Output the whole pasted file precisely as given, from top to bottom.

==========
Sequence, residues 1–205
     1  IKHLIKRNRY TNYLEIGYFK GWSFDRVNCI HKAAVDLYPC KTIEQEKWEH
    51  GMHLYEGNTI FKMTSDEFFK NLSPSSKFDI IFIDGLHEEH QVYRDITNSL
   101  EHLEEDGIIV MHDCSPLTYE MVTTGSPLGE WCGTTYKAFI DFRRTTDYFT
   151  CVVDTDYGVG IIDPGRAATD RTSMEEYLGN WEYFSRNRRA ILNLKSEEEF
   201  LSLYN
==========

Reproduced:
Sequence, residues 1–205
     1  IKHLIKRNRY TNYLEIGYFK GWSFDRVNCI HKAAVDLYPC KTIEQEKWEH
    51  GMHLYEGNTI FKMTSDEFFK NLSPSSKFDI IFIDGLHEEH QVYRDITNSL
   101  EHLEEDGIIV MHDCSPLTYE MVTTGSPLGE WCGTTYKAFI DFRRTTDYFT
   151  CVVDTDYGVG IIDPGRAATD RTSMEEYLGN WEYFSRNRRA ILNLKSEEEF
   201  LSLYN